On the Doghouse

We were in Paris for a couple of weeks being sophisticated, which was fun and a good break, but no sooner are we back down here than the pace picks up again. We are lucky to have our gorgeous base in the capital but we are frequently struck by the anonymity and regularity of life in the big city. Somewhow everything potters along in the same old way; bad weather is merely an inconvenience rather than a challenge to be embraced, social contacts tend to be reduced to aggressive encounters between you on your bike and a taxi in a hurry and the shops are full of stuff you don’t really need but are tempted to acquire.

Back at les Sarziers there is never a dull moment. At this dead time of the year, with the cows inside and the fields asleep, the locals are fellling timber and dealing with other maintenance jobs. We are following suit and attacking the renovation of a roof.

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The little house (known as the Doghouse) where we live when we have Walksweeks guests in the main house, has been sagging for a while. The roof was put on eighty years ago, when the building was constructed. At that time, a well was being dug to irrigate the garden of the house next door and the excavated stones were used to build a garage with an upper floor. The creation of the Doghouse was our first attempt at renovation before we attacked the main house.

Bernard, the local builder has come up with a brilliant solution. By creating a new roof over the old one, we are able to keep our cosy boarded ceiling whilst installing two roof windows and a wood burning stove. It’s a pricey job though, and to keep the costs down we opted to take off the old tiles ourselves and prepare the roof for the big boys.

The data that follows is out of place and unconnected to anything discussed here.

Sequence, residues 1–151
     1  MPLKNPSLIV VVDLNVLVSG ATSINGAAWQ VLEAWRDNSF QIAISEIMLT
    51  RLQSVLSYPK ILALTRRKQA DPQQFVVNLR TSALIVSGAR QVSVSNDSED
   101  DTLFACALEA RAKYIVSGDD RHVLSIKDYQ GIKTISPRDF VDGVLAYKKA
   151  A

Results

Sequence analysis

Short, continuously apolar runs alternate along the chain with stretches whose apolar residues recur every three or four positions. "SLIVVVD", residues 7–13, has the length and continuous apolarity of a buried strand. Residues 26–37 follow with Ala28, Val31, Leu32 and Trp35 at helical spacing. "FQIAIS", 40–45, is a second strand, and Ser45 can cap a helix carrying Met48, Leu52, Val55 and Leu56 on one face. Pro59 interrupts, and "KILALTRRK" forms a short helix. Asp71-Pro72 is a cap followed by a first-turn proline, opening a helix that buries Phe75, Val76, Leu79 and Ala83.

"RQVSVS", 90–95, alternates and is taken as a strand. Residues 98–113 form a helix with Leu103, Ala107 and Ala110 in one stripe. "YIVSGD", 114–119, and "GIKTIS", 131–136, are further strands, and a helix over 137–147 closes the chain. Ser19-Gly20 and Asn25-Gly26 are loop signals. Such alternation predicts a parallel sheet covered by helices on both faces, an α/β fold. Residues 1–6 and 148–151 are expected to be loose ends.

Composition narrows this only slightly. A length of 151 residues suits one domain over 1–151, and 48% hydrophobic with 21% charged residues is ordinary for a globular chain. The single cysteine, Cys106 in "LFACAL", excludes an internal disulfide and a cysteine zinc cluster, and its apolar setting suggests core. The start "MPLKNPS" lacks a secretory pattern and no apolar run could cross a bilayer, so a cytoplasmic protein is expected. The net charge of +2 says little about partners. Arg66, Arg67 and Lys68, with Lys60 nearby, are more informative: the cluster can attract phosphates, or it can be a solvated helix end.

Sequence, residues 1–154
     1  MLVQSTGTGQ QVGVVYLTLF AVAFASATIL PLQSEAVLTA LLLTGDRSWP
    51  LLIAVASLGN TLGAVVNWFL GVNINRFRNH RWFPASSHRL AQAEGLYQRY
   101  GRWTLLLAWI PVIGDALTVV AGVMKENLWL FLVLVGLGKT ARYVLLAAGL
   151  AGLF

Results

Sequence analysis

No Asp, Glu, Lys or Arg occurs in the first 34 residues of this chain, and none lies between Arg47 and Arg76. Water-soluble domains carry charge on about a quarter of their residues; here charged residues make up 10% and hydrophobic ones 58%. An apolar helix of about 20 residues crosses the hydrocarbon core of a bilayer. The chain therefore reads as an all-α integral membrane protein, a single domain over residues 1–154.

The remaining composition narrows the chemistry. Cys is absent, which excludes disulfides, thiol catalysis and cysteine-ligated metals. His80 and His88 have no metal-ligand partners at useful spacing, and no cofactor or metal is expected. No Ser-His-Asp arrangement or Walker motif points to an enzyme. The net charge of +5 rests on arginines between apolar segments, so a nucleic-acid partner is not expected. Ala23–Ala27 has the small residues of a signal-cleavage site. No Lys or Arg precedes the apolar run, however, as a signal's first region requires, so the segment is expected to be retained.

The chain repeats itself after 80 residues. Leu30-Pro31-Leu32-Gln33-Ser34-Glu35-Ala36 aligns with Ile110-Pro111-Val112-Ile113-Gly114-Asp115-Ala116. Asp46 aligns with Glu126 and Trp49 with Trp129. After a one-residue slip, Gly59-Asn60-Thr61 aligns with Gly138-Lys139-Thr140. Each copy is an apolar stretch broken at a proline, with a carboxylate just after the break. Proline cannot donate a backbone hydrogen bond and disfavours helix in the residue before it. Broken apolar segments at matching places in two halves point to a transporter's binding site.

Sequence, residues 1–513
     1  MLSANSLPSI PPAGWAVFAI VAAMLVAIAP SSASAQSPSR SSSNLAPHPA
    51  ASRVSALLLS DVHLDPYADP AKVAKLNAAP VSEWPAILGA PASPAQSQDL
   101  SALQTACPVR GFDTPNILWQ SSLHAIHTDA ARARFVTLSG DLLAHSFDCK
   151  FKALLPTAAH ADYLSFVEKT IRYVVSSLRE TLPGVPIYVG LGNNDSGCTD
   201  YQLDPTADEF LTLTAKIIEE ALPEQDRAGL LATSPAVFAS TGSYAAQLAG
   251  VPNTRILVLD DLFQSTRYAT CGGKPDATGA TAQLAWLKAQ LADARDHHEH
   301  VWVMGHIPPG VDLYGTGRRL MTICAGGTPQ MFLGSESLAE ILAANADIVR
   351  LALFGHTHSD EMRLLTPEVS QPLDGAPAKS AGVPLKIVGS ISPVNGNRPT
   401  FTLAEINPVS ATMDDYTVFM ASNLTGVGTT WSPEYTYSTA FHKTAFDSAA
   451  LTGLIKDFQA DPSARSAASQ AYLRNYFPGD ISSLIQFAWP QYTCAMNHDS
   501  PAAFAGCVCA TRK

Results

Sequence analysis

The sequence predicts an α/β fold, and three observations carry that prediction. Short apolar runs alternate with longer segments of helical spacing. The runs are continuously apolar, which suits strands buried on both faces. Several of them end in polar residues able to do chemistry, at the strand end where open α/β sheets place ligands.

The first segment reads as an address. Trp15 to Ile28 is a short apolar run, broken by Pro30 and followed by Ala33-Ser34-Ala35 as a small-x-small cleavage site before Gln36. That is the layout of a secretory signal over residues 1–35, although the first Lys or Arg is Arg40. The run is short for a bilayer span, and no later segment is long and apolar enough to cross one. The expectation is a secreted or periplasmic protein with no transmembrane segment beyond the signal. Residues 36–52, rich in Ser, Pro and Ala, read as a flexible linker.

Work was due to start this Monday, and Bernard showed up with the bad news: there has been a delay making the main new roof beam, which will not be ready until the end of the week. We all know the stories about unreliable builders and their deadlines, but we had a trick up our sleeves!

So here we are on a lovely sunny Monday morning up on the roof removing the old tiles. (Click on one of the pictures for a larger version).

We got on at a cracking pace and by mid afternoon we had them all piled up ready for the lorry. Bernard had to confess himself impressed! The lorry duly backed up in front of the garage door and we enjoyed ourselves chucking in the tiles from a great height. We have kept a good few – you never know when you might need to roof a woodshed or a dog kennel – but the rest are for the dump.

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Our next job was to remove the laths that the tiles had been hooked over, brush and vacuum the roof and then treat it with insecticide. It was a bit alarming being perched so high up on the ancient and slightly rotted boards, but the view is terrific and it was interesting to find old corn cobs, lime seeds and a ton of empty snail shells in amongst them – the leavings of generations of rodent residents who had made a cosy home in the insluation material and gorged themselves into hibernating insensibility.

By Tuesday lunchtime we were pretty knackered and inside having a cup of coffee when Bernard appeared again, slightly anxious this time. Without our noticinig, it had started to rain and he had come to see how we were getting on. The ball was by now firmly in his court and before dusk a burly and monosyllabic chap had turned up to attach the plastic covering which will be the first insulation layer of the new roof. Result! It would seem that if you need to pin your builder down on his dates there is no better way than removing your own roof!

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Meanwhile, there are crêpe pans on offer and deals on eggs and flour in preparation for the traditional pancake-making for chandeleur this Sunday. Roger is finally having his operation and we are popping in regularly to keep an eye on his aged mother, who will be alone in the farmhouse. The days are slowly gettitng longer and life in the country keeps up its busy pace.

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